by Tom Kelly, Inman News
Editor’s note: Inman News has embarked on a Roadmap to Recovery editorial project that focuses on a future path for the real estate industry (click here for details). In this piece, columnist Tom Kelly explores possible changes in store for the residential mortgage sector.
Will the lessons learned from the real estate slowdown spark genuine creativity in marketing and lending to push more sales?
What are the chances that the residential mortgages bought and sold in the secondary markets will revert to the conservative portfolio business that existed before the first securitizations in the early 1980s?
The real estate industry will recover, but it will be different.
The “when” obviously depends on the “how,” and a variety of options will be discussed and debated before some are required through regulation, while others will be voluntary — at least on the surface.
Remember when property listings were first put online and many old-school agents wanted nothing to do with technology and elected to take their thick, printed MLS books and get out of the business? Others were dragged kicking and screaming into the technology age before understanding the benefits of sharing information. Instead of trying to sneak a peek at the broker’s circled notes on the dog-eared pages, consumers ultimately were handed their preferred properties on the silver platter known as daily e-mails.
Technology also accelerated the evolution of the residential mortgages business. Our first loan was kept on the local bank’s books as an asset until we sold the home three years later. When the 1980s sped into view, mortgages first began being sold as securities on Wall Street. The practice of securitizing loans has been casually tossed about during the past year, so let’s break down the business and take a look at it for those not quite clear how that happens, where their loan went or why the rate was so attractive.
In the simplest of terms, let’s suppose you are a small West Coast lender and wrote 200 mortgages in three months. To do so, you needed to have a cash outlay of millions of dollars that would render you a handsome return each month in interest and principal. Instead of putting up millions of dollars until those borrowers paid off or refinanced those loans, you sell them to a warehouse (Fannie Mae or Freddie Mac) who then package them and offer them as a bond to anybody who thinks those loans will be repaid in a timely fashion.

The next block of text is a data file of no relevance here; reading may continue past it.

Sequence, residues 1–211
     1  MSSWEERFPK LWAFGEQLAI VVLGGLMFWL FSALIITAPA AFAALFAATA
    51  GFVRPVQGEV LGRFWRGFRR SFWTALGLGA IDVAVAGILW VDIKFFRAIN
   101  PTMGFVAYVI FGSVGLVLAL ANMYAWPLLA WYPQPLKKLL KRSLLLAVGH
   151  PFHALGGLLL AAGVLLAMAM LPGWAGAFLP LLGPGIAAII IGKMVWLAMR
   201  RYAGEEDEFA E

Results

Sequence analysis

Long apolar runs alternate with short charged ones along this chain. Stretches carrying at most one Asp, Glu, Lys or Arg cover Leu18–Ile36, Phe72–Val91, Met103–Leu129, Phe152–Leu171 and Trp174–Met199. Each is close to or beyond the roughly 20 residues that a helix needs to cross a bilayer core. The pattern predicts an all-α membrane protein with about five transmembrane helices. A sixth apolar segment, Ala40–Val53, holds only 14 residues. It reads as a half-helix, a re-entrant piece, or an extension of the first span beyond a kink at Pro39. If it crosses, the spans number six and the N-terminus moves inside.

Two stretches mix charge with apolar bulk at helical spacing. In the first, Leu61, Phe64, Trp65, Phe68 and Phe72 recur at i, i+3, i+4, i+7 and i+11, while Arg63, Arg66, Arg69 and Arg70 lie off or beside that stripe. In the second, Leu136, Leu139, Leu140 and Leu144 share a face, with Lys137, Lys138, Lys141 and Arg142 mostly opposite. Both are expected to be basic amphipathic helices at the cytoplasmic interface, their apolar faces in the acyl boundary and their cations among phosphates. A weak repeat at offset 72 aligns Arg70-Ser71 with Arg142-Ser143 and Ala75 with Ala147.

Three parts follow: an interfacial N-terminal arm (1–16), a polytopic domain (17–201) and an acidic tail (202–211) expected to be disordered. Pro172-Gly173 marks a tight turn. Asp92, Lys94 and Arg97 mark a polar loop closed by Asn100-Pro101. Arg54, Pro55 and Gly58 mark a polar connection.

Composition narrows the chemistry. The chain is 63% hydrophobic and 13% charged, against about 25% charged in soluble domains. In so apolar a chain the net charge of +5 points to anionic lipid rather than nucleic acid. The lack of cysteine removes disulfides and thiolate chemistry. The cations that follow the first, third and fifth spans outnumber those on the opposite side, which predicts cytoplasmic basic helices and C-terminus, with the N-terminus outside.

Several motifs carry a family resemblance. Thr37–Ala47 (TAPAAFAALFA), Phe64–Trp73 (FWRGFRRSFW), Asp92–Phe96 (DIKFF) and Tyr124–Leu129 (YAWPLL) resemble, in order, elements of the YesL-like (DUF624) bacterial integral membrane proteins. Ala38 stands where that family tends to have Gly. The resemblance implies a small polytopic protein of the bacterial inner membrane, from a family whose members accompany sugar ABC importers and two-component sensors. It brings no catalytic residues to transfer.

The benefit to the lender is that you can get your millions of dollars back immediately, plus a little extra. You can then underwrite more mortgages with that money. More mortgage availability means lower interest rates.
The benefit to the bondholder is that they will be paid off by the cash coming from the principal and interest payments greater than what the bondholder could get from keeping it in the bank. And, because the bond is backed by actual homes, the risk is relatively small because people historically repay the debt on the roof over their head — until recently.
There are lenders who do/did not sell their loans to Fannie and Freddie, preferring instead to hold them on their books, or in their own “portfolio.” Seattle-based Washington Federal, a portfolio lender in seven states, has offered rates a slight tick higher than its competitors. The bank has been extremely successful, offered its customers a one-time free refinance, and moved virtually unscathed through the savings-and-loan crisis of the early 1980s.
In the near future, look for companies who really want to make mortgages to move toward a more “customer-for-life” incentive. While lower interest rates will help (as the National Association of Realtors’ proposed one percent buydown suggests), successful mortgage lenders will need to leap back to neighborhood-banker service and care, whether they keep the loans or sell them to a more scrutinizing secondary market.
The mortgage offering will have to be complimented with additives that counter the “I’ll-wait-for-prices-to-come-down” philosophy. It’s human nature for consumers to gravitate to the lowest possible price. To help offset that challenge, let’s push for the $7,500 tax deduction with no payback for all principal-residence buyers (as proposed by NAR) yet crank the benefit to $20,000 for first-time buyers. If we don’t stimulate the bottom rung of the housing ladder, there will be no moving up or moving down.
And finally, a quick thought on shrinking advertising budgets. Look for loan and property brokers and agents to move more toward direct-response marketing — dollars that can be measured — versus traditional marketing. Traditional marketing gets your name out there — in a television or radio commercial, newspaper ad or Web banner head — but the results are not immediately known.
Direct response is marketing a specific product or a service while simultaneously promoting a brand. It asks the consumer to do something immediately, and the cost to ask can be weighed against the responses received.
In fact, it is what the Internet has always been.
To get even more valuable advice from Tom, visit his Second Home Center.
What’s your opinion? Leave your comments below or send a letter to the editor. To contact the writer, click the byline at the top of the story.
Copyright 2008 Tom Kelly
See Tom Kelly’s feature, Option ARM Fallout to Surpass Sub-prime Mess.
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